Hubble captures a galaxy distorted by gravitational lensing

A recently released image taken by the Hubble Space Telescope shows a distant galaxy that has been warped and distorted by a phenomenon called gravitational lensing. This phenomenon allows scientists to infer information about very distant objects and is used in the discovery of exoplanets.

The galaxy pictured is called LRG-3-817 and is also known as SDSS J090122.37+181432.3. If you look just to the left of the center of the image, you can see what looks like a smudge in an arc shape. This is the gravitational lensing effect.

This NASA/ESA Hubble Space Telescope image features the galaxy LRG-3-817, also known as SDSS J090122.37+181432.3. The galaxy, its image distorted by the effects of gravitational lensing, appears as a long arc to the left of the central galaxy cluster.
This NASA/ESA Hubble Space Telescope image features the galaxy LRG-3-817, also known as SDSS J090122.37+181432.3. The galaxy, its image distorted by the effects of gravitational lensing, appears as a long arc to the left of the central galaxy cluster. ESA/Hubble & NASA, S. Allam et al.

Gravitational lensing occurs when a telescope like Hubble is pointed at a distant target like this galaxy, and a large object such as a cluster of galaxies passes between the telescope and its target. The gravity of this intermediate object bends the light coming from the distant object and acts like a magnifying glass, temporarily making the light from the distant object brighter.

The effect might look like a mistake or a distortion in the data, but in fact, it’s an incredibly useful phenomenon. As the Hubble scientists write, “Strong gravitational lenses provide an opportunity for studying properties of distant galaxies, since Hubble can resolve details within the multiple arcs that are one of the main results of gravitational lensing. An important consequence of lensing distortion is magnification, allowing us to observe objects that would otherwise be too far away and too faint to be seen. Hubble makes use of this magnification effect to study objects beyond the sensitivity of its 2.4-meter-diameter (almost 8-foot) primary mirror, showing us the most distant galaxies humanity has ever encountered.”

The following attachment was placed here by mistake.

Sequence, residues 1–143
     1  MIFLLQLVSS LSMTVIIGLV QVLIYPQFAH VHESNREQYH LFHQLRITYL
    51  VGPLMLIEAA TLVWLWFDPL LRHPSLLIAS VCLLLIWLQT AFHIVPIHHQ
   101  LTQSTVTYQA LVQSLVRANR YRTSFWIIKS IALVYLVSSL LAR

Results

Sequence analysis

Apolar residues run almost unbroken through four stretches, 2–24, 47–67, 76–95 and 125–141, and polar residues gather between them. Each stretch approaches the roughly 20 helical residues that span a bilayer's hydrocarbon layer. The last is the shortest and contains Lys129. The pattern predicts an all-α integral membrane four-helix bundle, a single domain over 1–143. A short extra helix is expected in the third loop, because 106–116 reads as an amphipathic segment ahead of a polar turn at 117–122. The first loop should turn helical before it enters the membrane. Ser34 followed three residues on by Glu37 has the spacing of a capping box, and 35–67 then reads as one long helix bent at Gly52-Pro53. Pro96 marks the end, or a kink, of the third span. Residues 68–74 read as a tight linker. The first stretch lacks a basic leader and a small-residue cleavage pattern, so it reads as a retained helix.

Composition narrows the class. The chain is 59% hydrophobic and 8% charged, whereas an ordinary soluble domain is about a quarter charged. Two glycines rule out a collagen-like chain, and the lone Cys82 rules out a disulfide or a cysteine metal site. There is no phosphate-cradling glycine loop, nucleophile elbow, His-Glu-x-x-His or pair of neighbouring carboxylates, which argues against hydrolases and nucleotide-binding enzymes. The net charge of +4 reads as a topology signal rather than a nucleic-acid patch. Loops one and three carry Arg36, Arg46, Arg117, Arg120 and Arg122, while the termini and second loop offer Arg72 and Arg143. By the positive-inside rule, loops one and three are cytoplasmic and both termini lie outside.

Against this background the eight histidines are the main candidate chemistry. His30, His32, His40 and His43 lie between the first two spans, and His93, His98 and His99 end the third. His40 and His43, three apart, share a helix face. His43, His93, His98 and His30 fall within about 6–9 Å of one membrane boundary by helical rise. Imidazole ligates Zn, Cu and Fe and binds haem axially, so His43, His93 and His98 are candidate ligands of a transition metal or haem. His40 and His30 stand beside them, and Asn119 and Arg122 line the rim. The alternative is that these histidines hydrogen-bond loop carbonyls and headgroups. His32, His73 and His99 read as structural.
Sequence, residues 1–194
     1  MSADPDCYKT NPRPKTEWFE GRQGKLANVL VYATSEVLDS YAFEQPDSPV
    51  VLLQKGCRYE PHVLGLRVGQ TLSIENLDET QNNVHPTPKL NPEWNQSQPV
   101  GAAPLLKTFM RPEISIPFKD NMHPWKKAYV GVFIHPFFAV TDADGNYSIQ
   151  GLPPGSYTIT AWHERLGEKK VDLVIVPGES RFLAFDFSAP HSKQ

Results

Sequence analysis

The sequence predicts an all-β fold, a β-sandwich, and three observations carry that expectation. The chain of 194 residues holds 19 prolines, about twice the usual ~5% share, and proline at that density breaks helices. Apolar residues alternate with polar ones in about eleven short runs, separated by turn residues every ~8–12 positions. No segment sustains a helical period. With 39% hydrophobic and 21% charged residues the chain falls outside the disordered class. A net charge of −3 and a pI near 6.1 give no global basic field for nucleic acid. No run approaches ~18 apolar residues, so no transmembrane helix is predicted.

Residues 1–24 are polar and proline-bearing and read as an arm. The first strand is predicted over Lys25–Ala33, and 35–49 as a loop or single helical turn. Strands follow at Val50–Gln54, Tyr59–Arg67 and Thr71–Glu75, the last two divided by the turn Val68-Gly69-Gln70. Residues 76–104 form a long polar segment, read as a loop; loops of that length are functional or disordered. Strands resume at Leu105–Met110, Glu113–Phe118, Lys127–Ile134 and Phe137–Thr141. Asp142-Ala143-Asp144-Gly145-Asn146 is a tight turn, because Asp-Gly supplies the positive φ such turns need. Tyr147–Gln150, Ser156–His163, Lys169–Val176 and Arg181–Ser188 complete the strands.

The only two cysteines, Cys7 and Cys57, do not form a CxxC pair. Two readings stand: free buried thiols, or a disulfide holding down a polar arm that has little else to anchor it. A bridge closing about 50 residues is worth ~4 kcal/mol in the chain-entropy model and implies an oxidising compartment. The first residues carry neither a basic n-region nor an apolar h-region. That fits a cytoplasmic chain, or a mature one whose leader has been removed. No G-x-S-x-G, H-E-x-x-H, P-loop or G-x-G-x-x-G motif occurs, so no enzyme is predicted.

This means that researchers can more easily study distant galaxies, as they are normally very faint but when they are lensed they become brighter. This same technique can be used on a smaller scale in a process called gravitational microlensing, which is used to identify exoplanets. When an exoplanet is in orbit around a star that passes in front of another star, it can affect the brightness of the distant star. By observing the fluctuations in brightness researchers can spot the exoplanet and infer information about it like its mass.

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